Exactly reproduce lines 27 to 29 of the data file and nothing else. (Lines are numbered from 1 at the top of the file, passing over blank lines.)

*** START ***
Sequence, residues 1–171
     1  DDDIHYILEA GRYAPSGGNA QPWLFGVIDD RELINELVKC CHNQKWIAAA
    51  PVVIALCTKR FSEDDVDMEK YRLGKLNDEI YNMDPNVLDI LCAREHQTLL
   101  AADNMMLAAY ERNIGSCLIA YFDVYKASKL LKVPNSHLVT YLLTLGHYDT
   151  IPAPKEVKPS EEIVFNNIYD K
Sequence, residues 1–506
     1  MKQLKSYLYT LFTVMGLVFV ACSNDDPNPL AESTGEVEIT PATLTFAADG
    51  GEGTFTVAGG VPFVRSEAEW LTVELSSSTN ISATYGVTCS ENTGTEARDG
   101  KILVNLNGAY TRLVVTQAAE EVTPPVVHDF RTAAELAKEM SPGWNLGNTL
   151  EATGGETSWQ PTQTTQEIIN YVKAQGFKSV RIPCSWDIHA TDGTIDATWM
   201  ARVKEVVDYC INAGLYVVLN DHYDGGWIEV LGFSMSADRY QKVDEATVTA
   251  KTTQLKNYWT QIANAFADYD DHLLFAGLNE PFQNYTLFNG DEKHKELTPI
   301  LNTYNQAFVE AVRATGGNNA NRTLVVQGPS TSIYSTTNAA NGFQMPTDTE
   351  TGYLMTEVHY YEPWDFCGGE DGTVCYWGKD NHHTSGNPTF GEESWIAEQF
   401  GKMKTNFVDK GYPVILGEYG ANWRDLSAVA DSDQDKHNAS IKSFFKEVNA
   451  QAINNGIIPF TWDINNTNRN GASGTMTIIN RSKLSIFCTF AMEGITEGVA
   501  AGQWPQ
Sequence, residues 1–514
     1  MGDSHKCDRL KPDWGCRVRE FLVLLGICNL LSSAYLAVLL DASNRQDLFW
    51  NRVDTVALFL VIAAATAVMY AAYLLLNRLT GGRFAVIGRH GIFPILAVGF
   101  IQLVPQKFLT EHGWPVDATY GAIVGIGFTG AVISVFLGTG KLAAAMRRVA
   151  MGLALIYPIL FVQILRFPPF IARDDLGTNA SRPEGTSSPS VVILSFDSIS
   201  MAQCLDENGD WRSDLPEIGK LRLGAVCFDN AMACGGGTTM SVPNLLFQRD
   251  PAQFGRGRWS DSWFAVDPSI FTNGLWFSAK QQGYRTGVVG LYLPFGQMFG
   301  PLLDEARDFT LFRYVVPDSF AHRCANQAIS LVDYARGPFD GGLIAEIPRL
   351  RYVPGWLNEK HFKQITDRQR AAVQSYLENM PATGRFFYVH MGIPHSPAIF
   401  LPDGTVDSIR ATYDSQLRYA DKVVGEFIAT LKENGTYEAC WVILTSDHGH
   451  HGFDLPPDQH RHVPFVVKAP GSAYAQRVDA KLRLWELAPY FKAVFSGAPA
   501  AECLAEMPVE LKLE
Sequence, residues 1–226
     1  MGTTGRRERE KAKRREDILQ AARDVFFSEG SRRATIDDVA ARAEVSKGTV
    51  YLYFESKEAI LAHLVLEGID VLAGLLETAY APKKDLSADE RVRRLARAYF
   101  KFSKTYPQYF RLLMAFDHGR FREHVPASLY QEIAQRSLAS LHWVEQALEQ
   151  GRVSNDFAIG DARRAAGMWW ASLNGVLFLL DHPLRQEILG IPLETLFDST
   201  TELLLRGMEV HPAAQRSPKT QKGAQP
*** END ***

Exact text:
   401  LPDGTVDSIR ATYDSQLRYA DKVVGEFIAT LKENGTYEAC WVILTSDHGH
   451  HGFDLPPDQH RHVPFVVKAP GSAYAQRVDA KLRLWELAPY FKAVFSGAPA
   501  AECLAEMPVE LKLE